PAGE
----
Do you know when the French dramatist Pierre-Augustin Caron de Beaumarchais died in Paris? Yes, 1799, obviously - we all knew that - but do you know which day? No, I thought not; it was 18 May. Or do you know the day in 976 on which the Byzantine emperor John I Tzimisces, who was succeeded by Basil II and Constantine VIII, sons of Romanus II, died? It was 10 January. Part of the pleasure that vast chronologies of world history give is the sense that if you open the tome at any one of the pages, you will undoubtedly learn something you didn't know. The haul from the Great Train Robbery on 8 August 1963, for example, was £2.6m.
Another sense one gets in scanning these pages at random is that history really is, as Edward Gibbon thought, "little more than the register of the crimes, follies, and misfortunes of mankind". Between 8000BC, when barley, einkorn and emmer wheat were cultivated from wild cereals in the Fertile Crescent of the Middle East, and 11 June 2004, when the Cassini-Huygens space mission started its four-year tour of Saturn's rings and satellites, mankind seems to have advanced and developed in every area except human nature. One wonders: were the thought processes of Saddam Hussein, as he tyrannised his people, in any significant way different from those of Draco of Athens in 621BC?
There are many good world chronologies in print at the moment, including those edited by Neville Williams, by Philip Waller, by David Reynolds, and by the Longman team, which combine impressive depth with comprehensive scale. What sets Hywel Williams's book apart is the analysis he applies to the avalanche of facts he presents. Astonishingly, considering its range, this is a one-man work, which allows Williams more leeway to insert opinions than with the committees and teams that generally compile such works. It is a highly authored work of reference, although Williams carefully delineates where the facts end and the author's own opinions begin.
Williams's thoughtful essays, dotted throughout the book, give structure and context to the overall work. A writer on history and politics for the Guardian, his views are likely to appeal to New Statesman readers more than they do to this reviewer, especially with regard to their scepticism about America's role in world history since the cold war and the positive remarks he makes in the conclusion, "Towards One World", about the coming collapse of the nation state.
Williams dates the rise of uniglobalism to the 1960s, and in particular to the US and Soviet space programmes. "Other, earlier, civilisations and empires established a dominant culture within their boundaries," he writes. "Those boundaries seemed to them the limits of culture itself. But the capacity to see a single world with one pair of eyes - a moment that perhaps first arrived when humans went into space in the 1960s - did have a deep emotional impact on such parochialism." If so, it is ironic that the United States might have itself sown the seeds of the destruction of unilateralism.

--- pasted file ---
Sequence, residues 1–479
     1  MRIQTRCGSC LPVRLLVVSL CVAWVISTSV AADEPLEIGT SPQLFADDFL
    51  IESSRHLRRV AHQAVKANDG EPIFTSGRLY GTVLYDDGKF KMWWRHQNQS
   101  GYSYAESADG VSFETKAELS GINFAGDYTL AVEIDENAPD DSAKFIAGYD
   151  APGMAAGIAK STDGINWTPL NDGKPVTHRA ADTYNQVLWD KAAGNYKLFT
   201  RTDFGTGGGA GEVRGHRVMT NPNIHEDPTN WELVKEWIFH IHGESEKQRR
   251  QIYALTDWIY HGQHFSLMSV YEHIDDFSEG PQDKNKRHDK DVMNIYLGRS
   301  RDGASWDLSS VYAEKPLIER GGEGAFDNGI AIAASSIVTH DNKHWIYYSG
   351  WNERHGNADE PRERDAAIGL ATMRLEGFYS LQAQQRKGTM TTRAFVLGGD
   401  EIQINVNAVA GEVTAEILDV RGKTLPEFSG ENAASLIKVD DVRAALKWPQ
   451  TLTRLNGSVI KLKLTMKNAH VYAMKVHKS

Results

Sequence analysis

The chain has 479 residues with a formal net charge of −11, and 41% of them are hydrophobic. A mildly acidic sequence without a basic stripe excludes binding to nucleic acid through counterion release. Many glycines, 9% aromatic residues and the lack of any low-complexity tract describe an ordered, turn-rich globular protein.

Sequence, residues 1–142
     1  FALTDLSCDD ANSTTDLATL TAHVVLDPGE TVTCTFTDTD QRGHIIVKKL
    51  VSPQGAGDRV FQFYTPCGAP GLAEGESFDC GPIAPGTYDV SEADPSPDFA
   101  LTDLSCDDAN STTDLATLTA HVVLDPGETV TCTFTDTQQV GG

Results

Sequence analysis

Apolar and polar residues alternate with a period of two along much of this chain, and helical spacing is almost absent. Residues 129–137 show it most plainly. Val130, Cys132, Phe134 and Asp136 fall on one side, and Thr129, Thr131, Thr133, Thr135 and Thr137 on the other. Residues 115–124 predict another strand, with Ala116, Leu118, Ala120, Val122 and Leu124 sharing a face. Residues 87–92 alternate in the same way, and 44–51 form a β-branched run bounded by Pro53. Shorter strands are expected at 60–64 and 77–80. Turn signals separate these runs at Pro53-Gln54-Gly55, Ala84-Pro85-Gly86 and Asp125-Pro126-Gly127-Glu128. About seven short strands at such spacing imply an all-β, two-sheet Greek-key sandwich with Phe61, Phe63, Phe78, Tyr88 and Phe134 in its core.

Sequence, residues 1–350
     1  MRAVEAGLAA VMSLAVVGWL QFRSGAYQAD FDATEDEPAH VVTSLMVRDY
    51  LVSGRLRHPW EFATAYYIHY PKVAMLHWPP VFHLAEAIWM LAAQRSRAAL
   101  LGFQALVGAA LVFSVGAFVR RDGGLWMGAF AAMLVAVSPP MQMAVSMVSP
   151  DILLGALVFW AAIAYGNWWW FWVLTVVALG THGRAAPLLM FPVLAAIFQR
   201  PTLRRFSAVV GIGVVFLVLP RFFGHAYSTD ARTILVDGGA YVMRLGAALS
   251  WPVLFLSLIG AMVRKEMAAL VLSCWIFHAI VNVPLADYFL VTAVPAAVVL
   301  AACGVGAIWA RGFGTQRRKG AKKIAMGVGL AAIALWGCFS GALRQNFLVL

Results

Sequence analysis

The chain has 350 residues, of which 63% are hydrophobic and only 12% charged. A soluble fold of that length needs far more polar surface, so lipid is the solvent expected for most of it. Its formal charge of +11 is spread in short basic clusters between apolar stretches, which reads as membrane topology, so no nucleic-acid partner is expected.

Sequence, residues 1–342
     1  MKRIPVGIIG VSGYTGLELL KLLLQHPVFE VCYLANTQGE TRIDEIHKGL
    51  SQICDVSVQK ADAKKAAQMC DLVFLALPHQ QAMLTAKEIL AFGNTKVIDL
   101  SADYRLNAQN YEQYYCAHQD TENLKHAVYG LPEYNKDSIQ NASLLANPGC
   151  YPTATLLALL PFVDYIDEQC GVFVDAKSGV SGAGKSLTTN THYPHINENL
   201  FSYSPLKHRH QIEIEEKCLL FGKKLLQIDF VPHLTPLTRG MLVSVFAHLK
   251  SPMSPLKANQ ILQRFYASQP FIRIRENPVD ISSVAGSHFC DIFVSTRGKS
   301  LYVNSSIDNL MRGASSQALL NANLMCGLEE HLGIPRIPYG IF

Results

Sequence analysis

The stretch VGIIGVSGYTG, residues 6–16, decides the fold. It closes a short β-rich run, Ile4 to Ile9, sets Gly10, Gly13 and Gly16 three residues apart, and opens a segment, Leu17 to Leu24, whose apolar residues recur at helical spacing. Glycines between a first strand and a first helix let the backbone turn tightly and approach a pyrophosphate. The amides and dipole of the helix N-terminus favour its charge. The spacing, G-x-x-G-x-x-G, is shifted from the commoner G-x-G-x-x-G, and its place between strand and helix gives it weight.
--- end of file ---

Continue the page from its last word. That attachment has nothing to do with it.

The role of religion is given centre-stage, perhaps in response to 9/11 and its aftermath. "In both east and west, the loudest and most effective universal voices of the age are those of politicised religions, which reinforce dogmatism and tolerate violence," he argues. "The emergent history of the 21st century shows that there can be no peace between the nations unless there is first understanding between the religions." As we are only one-twentieth of the way through the 21st century so far, I am not certain that any such general rule can be inferred to have emerged yet, but it is a sign of Williams's intellectual self-confidence that he states it.
Hard-pressed scholars, teachers, journalists and anyone else needing to save time in verifying a date or fact will turn to these 767 pages - more than a hundred of which are taken up by a very good index - and do so with ease. There are no fewer than 13,800 people, events or phenomena listed in the index, and despite making a huge effort to be as pedantic as possible, I could not spot any errors. Williams has also somehow compressed the ideas of the 100 most important thinkers in world history into 400-word explanations - an achievement in itself.
A factor that books such as this one underline about the teaching of history is that dates do matter. They are invaluable in locating a particular event in time and space vis-a-vis everything else, and they make narrative work. How much more poignant is the fact that the Great Fire of London broke out in 1666 when one recalls that the Great Plague had broken out in 1665. To have a sense of what came before and afterwards, of cause and effect, makes knowledge of any single event worthwhile, and that event more than simply a desiccated fact.
Chronology, as delivered by dates that can be learned by heart at school, gives history meaning. The setting in context of everything in human civilisation is why books such as this are invaluable, and this particular one is the best of the large crop available.
Andrew Roberts's Waterloo: Napoleon's last gamble is published by HarperCollins (£12.99)